“Will I die tonight? Should I call the people I love?” Martin wrote in response to the previous message. “Yes, there is a possibility.” Our weather expert replied bluntly. It began to sink in, this was going to be bad. We tucked into the cove, deep within the small hills. It was the only protection out on the lake. Our canoe lay flipped between three trees, tied at each end and we practiced climbing under to make sure we knew the plan. Our four barrels braced the walls of the tent, and pelican cases sat inside ready. 22 stakes were in the hard ground when we climbed in for a sleepless night. We lay there, sleeping bags still packed, our dry gear across us as blankets, waiting. As the night drew on, the messages came in. There is a tornado on the ground, the storm is headed your way. Lightning flashed outside and finally a crash of thunder rang out. Within a moment our dry pants, tops and shoes were on and we sat there. Pelican cases sitting beside us ready to shield our heads from the hail. We breathed slowly as the first few rain drops hit. Then more, it was all we could hear, the tent shook and the sides caved, and Thunder roared. And then, silence. We sent out the word to the numerous people who had been sitting up in their homes waiting to hear. We were ok. Our gear was ok. We can sleep. As we stirred the next morning we received the news. The small town we had called home for three days, that had welcomed us in like family was hit. The tragedy we everted struck head on leaving a wake of destruction. 1 dead, 28 hospitalized and 200 now without a home. Hearing the news was the true moment of fear. The realization of that blunt statement now had its full effect and we called our families. ” I will face my fear. I will permit it to pass over me and through me. And when it has gone past I will turn the inner eye to see its path. Where the fear has gone there will be nothing. Only I will remain.” #frankherbert • • Official partners @canoekayakmag and @nrsweb #coursingthroughamerica #unrulydreamers #otvadventures #outdoorwomen #neverstopexploring #outdoors #weather #weathernetwork #tornado #exped #expedition #adventure_culture #explore #mydiscovery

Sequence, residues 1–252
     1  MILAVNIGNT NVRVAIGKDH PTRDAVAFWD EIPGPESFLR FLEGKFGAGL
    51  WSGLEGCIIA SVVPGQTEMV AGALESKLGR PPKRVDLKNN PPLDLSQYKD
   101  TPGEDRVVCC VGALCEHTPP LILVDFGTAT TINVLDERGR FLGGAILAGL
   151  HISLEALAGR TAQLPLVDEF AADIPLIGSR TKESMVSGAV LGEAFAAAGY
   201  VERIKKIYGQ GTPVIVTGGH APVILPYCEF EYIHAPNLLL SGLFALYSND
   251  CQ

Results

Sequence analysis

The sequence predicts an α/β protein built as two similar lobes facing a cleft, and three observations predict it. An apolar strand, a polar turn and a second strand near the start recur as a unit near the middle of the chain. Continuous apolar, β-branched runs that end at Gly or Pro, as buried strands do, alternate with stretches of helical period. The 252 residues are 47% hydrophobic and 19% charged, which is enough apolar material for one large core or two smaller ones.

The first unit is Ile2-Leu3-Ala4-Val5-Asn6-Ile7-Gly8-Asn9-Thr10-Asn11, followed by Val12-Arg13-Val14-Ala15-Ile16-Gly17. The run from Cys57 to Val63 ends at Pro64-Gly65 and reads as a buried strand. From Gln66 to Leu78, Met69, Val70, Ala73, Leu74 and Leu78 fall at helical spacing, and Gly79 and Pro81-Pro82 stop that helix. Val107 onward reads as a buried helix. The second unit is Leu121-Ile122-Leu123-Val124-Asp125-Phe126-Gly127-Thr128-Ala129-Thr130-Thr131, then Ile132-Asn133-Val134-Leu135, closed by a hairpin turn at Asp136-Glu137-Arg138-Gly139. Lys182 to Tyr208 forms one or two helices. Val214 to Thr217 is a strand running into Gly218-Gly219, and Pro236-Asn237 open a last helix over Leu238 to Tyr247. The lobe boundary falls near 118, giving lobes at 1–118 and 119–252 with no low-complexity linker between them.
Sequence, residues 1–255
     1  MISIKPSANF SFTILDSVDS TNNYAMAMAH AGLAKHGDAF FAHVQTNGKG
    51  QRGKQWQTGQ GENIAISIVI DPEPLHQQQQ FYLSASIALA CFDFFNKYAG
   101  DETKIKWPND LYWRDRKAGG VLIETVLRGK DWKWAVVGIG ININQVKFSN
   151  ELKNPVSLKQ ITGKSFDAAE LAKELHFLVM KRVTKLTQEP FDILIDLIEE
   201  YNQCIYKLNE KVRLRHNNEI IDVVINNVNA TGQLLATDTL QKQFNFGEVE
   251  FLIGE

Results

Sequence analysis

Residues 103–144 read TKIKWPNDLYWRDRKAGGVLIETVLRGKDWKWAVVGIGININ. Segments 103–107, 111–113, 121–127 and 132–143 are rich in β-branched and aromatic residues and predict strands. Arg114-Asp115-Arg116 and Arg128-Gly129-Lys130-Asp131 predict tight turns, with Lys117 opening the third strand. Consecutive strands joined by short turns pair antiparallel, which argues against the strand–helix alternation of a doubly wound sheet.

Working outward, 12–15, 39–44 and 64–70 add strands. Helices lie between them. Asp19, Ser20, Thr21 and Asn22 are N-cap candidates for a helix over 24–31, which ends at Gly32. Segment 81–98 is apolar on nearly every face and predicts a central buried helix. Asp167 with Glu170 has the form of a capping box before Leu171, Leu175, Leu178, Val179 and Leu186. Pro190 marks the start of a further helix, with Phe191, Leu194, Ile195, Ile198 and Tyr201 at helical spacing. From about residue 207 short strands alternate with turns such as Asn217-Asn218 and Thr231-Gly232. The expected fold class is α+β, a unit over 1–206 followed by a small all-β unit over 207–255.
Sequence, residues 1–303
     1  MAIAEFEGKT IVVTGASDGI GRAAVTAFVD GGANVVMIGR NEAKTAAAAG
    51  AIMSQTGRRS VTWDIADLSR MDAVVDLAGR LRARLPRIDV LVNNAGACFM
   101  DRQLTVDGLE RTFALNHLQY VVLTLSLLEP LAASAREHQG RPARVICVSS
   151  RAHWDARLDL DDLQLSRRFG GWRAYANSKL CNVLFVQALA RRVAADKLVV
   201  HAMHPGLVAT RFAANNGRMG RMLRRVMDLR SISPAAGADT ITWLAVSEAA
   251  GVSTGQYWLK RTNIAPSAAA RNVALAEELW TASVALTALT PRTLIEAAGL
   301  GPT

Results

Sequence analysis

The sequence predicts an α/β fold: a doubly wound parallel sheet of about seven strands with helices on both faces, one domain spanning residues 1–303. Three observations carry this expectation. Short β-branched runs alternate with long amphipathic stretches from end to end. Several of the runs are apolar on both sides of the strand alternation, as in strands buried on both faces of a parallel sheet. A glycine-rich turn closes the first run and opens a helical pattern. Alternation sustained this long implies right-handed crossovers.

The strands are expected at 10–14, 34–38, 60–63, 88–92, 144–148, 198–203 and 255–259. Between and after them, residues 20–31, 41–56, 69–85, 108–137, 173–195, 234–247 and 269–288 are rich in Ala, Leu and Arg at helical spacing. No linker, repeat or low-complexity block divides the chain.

Jillian’s account of the harrowing early July storm is chilling and the experience has left a lasting impression. It was a point both Brown and Trahan reiterated when discussing that terrifying night.
“We did everything to be safe and even though we did it, we were not safe,” said Trahan. “Sometimes Mother Nature is going to strike and there is nothing you can do about it.”
“I don’t think either of us have moved past thinking about the night yet, because we are still getting hit by storms,” added Brown. “It seems like everyday we get a message that we are in a severe storm warning and you instantly think back to that night and what could have happened.”
Though for all of the life-threatening encounters, the duo has also been blessed with countless interactions and help from complete strangers along the route. Perhaps no experience was more memorable than when the two Canadians found themselves in the middle of a Fourth of July parade.
This was not an isolated case of American generosity.
“I thought Canada we were the friendliest people but so far in America we have always met amazing and generous people,” said Trahan. “This is one of our goals, we wanted to experience the American culture and we just love it.”
Beyond the local support, the canoeists achieved another major milestone last week when they completed crossings of all the major lakes and reservoirs along the upper Missouri. With the prospect of getting windbound on these large waterways now in the rearview mirror, the two should be able to make some serious progress, aided by the abnormally high flows of the Missouri River.
To get a deeper sense of what these two have experienced, look for our hour-long conversation with Brown and Trahan to drop later this week.
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The article was originally published on Canoe & Kayak